DOWNTOWN LOS ANGELES - Nearly two years after a U.S. District Court judge issued an injunction barring the city from seizing and destroying abandoned property in Skid Row, city lawyers say they are still unsure what it means for enforcement.
The city lost an appeal on the local ruling in September, when the Ninth Circuit Court of Appeals upheld Judge Philip Gutierrez’s finding that taking and destroying temporarily unattended property violates the constitutional rights of homeless individuals.
City officials are now in settlement talks with representatives of the nine homeless people who sued the city in 2011, after their belongings were seized from the sidewalk and destroyed by public workers without notice.
So far, settlement talks haven’t yielded much progress. Jane Usher, a special assistant city attorney, said the city and Carol Sobel, a civil rights lawyer representing the nine homeless individuals, are not “seeing eye-to-eye.”
However, as talks continue, city lawyers say there is a key uncertainty in the injunction that, if resolved, could make it easier for authorities to clear items from Skid Row sidewalks. It concerns a potentially crucial distinction between “abandoned” and “unattended” property. The latter would encompass belongings left temporarily on the sidewalk by people who don’t otherwise have a private storage space.
Gutierrez said the city could seize abandoned property as long as it is stored for 90 days so individuals have the chance to retrieve their items. City officials say that in order to effectively clear the crowded sidewalks, they want permission to remove unattended items, with the caveat that they give notice and store the property for the same time period.
City Attorney Carmen Trutanich’s office is preparing a brief on the matter. It is expected to be filed this month, Usher said.
Where the city sees a blurry line on what property it can seize in order to clear the sidewalk, backers of the injunction insist the judicial system has been clear: “The courts have now said three times that property that is not abandoned cannot be taken when people leave for a short amount of time,” Sobel said.
Sobel has argued that instead of continuing to resist the injunction, the city should focus on providing resources such as public toilets to combat public health woes in the poverty-laden neighborhood. The ruling also specifically allows the city to remove items that pose immediate health and safety risks.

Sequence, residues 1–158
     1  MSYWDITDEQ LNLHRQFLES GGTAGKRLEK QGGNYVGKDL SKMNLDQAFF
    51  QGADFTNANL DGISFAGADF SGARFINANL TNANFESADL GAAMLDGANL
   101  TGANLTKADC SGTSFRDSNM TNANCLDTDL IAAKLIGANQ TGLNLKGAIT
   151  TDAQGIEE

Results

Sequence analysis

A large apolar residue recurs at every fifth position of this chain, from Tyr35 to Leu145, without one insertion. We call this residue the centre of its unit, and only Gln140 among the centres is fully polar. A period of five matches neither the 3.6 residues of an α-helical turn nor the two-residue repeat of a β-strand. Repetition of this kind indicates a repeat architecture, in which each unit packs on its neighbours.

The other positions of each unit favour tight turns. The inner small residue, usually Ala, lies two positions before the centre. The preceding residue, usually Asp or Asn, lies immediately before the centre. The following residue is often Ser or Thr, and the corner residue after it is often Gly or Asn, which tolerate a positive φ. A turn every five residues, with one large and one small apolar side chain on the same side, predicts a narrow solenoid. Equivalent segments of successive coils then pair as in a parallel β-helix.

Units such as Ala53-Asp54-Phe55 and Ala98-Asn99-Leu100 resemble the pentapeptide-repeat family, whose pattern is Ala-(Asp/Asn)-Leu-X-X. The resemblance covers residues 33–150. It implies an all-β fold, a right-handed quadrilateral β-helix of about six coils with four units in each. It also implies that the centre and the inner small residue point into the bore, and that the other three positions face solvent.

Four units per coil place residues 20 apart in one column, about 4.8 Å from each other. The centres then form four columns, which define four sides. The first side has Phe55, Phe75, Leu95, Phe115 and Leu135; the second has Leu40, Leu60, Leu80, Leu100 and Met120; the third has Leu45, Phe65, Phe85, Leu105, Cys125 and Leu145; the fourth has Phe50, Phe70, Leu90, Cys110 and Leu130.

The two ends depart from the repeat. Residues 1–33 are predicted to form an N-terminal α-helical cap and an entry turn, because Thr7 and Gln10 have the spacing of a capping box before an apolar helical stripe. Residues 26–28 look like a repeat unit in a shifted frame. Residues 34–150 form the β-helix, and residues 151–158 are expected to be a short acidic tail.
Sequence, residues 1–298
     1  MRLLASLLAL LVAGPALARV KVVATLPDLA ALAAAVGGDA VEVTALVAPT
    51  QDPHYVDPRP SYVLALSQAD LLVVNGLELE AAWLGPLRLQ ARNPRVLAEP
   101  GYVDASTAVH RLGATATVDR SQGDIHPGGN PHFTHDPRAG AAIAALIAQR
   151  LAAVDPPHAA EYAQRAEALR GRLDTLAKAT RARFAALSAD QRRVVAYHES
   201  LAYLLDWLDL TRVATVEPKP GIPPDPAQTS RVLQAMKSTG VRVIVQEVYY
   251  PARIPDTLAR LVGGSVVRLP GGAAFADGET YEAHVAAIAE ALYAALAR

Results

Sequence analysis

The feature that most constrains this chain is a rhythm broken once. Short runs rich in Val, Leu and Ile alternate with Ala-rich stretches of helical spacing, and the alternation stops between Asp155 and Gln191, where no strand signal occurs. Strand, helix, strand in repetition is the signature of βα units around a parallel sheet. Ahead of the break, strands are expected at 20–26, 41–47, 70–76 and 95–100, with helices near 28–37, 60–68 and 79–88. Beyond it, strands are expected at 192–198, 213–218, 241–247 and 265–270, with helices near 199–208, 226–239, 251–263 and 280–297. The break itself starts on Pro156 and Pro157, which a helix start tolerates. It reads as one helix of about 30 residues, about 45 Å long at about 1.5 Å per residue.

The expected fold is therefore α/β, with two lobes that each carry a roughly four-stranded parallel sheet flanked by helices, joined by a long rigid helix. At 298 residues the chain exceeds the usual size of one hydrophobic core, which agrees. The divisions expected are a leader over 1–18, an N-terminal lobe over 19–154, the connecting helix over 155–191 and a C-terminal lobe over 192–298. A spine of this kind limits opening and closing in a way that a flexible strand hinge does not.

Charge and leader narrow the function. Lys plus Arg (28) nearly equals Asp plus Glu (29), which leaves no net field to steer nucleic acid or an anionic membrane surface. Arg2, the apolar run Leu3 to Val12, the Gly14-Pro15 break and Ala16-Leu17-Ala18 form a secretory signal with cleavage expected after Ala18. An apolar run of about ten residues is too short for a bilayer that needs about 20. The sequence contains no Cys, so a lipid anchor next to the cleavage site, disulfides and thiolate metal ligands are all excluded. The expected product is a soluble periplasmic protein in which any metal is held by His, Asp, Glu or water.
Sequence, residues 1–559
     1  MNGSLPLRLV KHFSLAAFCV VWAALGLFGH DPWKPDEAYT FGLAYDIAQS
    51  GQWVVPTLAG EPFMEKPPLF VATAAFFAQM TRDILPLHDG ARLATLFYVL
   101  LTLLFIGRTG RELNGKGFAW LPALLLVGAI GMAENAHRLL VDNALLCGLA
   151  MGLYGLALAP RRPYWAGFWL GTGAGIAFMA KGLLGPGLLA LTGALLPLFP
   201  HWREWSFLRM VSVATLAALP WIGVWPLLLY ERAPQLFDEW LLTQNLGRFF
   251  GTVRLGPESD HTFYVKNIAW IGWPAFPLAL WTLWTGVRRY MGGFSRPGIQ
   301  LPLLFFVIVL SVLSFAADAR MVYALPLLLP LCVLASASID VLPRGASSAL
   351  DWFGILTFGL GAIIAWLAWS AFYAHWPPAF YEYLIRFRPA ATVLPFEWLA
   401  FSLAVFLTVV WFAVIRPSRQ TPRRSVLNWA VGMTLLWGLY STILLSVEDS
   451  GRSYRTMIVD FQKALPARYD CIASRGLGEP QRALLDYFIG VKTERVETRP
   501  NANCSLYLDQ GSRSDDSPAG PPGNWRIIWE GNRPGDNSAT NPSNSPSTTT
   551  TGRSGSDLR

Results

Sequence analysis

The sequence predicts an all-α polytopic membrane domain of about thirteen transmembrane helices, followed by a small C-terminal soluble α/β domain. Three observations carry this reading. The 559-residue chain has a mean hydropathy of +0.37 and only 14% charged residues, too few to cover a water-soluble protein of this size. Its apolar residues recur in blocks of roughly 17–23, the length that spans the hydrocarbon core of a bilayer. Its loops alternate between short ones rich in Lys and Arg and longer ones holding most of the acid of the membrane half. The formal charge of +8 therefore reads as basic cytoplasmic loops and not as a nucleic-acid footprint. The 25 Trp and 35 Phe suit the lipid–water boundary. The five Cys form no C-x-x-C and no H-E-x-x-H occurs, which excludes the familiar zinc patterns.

Some still blame the injunction for causing sidewalk pile-ups and daytime encampments that have multiplied since Gutierrez’s ruling. City leaders said the injunction led to conditions that the County Department of Public Health last year deemed a public health crisis. In the wake of the May 2012 report, the city launched quarterly comprehensive cleanings of the area during which crews disinfect sidewalks and trash health hazards such as needles and feces.
Only a select few city workers have been authorized to deem items health or safety hazards, however, and they are not canvassing the neighborhood more than once a month, said Estela Lopez, executive director of the Central City East Association. Since most city workers are not allowed to identify an item as a health or safety risk, most sidewalk detritus is left to linger, she said.
As part of the cleanup program, the city expanded a daytime storage facility for the homeless that is operated by the CCEA. Even after its expansion, the facility fills up every day, Lopez said. Officials opened an additional temporary storage facility on Temple Street, and while it continues to operate, it is slated for use as a Metro staging area for the Regional Connector later this year. The city is looking for another site to replace the facility, Usher said.
The city has appealed the Ninth Circuit ruling to the U.S. Supreme Court, though it is uncertain whether the petition for review will be taken.
Contact Ryan Vaillancourt at email@example.com.
© Los Angeles Downtown News 2013